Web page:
One piece of nutrition advice that may never go out of style? Eat more fruits and vegetables. Although Americans need 2-4 servings of fruits and 3-4 servings of vegetables daily, many individuals face challenges in meeting these goals. Adding more of these low-calorie and nutrient-dense items to your diet results in several health benefits. Fruits and vegetables often have high-levels of fiber. The National Institutes of Health (NIH) mentions the amount of high-level fiber fruits and vegetables contain. Adding these to your diet can help an individual maintain a healthy weight due to their naturally low in calorie and high fiber content. According to the U.S. Department of Agriculture (USDA), increasing your fruit and vegetable intake can help reduce the risks of chronic diseases and certain types of cancers. Studies have shown how eating healthier helps boost your mood and increase your immunity levels, which may help provide protection against disease to include COVID-19.

In the summertime, many different (and delicious) fruits and vegetables are in season. Several fruits and vegetables hold water and are a great source of additional hydration when temperatures continue to rise. From strawberries to bananas to corn to carrots, adding these colorful ingredients to your plate or next dish is an easy way to help balance your diet and feel healthier. Eating nutritious options is a form of self-care.

Here are a few fun ideas for incorporating more fruits and vegetables in your diet this season:

Try something new. Never tried beets, okra, plums or tomatillos? There’s no way of knowing you won’t like the taste of something until you try it. The USDA’s Seasonal Produce Guide highlights what’s in season throughout the year. Try making a habit of trying a few new fruits and vegetables each season to expand your palette.

Channel your inner gardener. If your living space allows for a garden, consider growing your own produce. Gardening is a an easy way for anyone to unwind, get some sunshine and feel connected to a project. Invite your family or other household members to join you to make growing your garden a collective goal. If you’re just getting started, you can visit a local nursery or home and garden shop for starter plants.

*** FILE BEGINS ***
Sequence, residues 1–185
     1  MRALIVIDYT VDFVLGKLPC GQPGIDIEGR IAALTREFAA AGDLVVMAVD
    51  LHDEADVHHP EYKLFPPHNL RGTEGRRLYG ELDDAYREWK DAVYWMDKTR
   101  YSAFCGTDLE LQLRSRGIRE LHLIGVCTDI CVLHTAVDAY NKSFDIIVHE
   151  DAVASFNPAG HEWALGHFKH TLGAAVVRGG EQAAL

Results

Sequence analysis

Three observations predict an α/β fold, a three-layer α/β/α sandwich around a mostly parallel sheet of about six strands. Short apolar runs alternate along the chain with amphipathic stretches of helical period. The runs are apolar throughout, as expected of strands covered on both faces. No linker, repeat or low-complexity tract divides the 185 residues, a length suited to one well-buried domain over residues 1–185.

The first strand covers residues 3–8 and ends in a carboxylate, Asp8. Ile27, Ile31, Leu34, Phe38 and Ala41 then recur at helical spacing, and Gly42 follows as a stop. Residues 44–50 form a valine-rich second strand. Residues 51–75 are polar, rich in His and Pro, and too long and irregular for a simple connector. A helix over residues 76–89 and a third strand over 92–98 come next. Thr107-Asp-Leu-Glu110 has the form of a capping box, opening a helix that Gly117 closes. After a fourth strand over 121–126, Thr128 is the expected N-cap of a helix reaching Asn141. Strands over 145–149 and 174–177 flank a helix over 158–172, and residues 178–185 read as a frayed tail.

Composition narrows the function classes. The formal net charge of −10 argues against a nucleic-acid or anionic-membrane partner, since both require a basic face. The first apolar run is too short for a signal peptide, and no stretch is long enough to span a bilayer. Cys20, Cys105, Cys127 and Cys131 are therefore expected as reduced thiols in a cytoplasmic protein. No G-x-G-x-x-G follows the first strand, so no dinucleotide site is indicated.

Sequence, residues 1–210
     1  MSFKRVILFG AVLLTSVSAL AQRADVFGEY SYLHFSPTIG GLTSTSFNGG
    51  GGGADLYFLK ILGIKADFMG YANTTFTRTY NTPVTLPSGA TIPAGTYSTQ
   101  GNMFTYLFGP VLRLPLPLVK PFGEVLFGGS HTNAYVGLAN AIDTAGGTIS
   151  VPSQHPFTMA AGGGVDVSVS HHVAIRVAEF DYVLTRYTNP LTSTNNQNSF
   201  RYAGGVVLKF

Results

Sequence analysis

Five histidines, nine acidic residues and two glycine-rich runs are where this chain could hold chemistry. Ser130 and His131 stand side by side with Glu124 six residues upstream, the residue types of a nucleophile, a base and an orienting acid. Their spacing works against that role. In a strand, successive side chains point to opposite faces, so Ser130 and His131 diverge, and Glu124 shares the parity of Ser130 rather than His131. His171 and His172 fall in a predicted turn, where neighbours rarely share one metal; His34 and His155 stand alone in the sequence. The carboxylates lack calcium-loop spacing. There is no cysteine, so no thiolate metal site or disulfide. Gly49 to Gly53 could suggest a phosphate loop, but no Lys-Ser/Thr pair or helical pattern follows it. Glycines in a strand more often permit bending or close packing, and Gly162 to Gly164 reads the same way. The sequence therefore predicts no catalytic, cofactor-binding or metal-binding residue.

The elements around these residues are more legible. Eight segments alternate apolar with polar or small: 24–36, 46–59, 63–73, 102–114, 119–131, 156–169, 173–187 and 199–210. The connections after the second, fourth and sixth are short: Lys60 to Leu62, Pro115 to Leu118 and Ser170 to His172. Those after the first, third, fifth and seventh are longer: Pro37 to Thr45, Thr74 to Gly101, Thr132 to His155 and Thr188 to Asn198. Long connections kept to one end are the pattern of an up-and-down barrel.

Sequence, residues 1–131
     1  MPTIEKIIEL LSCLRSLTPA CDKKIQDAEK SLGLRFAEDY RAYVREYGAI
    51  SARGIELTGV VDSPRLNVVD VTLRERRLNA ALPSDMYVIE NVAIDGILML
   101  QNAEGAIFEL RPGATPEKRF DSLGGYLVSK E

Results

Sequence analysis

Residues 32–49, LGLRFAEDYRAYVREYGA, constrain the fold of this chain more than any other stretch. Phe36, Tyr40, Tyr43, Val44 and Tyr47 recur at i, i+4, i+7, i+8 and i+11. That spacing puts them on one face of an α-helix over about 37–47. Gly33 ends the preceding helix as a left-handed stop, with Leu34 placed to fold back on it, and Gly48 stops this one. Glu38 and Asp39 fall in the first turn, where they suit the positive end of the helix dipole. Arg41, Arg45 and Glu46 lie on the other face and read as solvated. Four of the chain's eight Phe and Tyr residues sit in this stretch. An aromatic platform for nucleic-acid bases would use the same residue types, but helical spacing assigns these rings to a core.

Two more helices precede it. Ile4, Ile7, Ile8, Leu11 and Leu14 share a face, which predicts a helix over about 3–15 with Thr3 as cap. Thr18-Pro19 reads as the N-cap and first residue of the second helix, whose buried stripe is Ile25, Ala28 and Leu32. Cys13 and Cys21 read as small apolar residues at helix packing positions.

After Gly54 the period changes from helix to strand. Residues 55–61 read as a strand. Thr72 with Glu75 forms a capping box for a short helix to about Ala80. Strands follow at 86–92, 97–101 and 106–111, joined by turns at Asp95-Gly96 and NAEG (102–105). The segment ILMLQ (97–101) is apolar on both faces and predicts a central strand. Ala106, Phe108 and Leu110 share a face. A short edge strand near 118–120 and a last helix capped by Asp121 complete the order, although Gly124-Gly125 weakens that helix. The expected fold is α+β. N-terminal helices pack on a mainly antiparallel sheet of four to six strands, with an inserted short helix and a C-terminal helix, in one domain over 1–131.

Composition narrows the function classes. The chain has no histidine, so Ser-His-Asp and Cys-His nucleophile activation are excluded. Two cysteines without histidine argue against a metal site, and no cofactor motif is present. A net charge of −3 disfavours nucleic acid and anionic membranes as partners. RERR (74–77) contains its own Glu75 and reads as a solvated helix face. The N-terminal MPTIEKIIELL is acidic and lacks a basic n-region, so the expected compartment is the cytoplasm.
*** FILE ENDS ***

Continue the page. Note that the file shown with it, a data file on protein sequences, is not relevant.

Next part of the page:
Shop local. Shopping at a farmer’s market or farm stand in your area helps supports local business and is a quick way to add more color to your plate. Use the USDA’s Farmers Market Directory to find opportunities for fresh fruit and vegetables in or around your community. Consider inviting a friend or family member to go with you and then make a meal together.

Transform the ingredients. If you aren’t the biggest fan of some raw fruits and vegetables, review different recipes that call for creativity. Instead of munching on an apple as-is, consider making baked apple chips. Cauliflower is a great substitute for pizza crust and tater tots. Stock up on different spices, seasonings, dressing and marinades you like you like to use to make cooking different fruits and vegetables efficient.

For more ideas, visit the following resources:

  • 5 Ways Series (USDA Choose My Plate): outlines five different ways to use different ingredients, including canned pears, frozen broccoli and berries; the USDA Start Simple with MyPlate mobile application is also a useful tool in helping you shape your nutritional habits  application also helps notify you when you have not had all of your fruits and vegetables for the day
  • How to Eat More Fruit and Vegetables (American Heart Association): discusses quick ways to include fruits and vegetables across each meal 
  • Health Promotion & Wellness Interactive Map (Navy and Marine Corps Public Health Center): offers a map-based tool where individuals can type in an address and see nearby resources including farmer’s markets, recreational clubs and more
  • Healthy Eating Tips (U.S. Centers for Disease Control and Prevention): provides information about general considerations for nutrition, including how to reduce your sodium intake and eat healthy fats
  • How to Eat Healthy (U.S. Health and Human Services): includes ways to add fruit and vegetables to your lunches for your loved ones and prepare healthy snacks 

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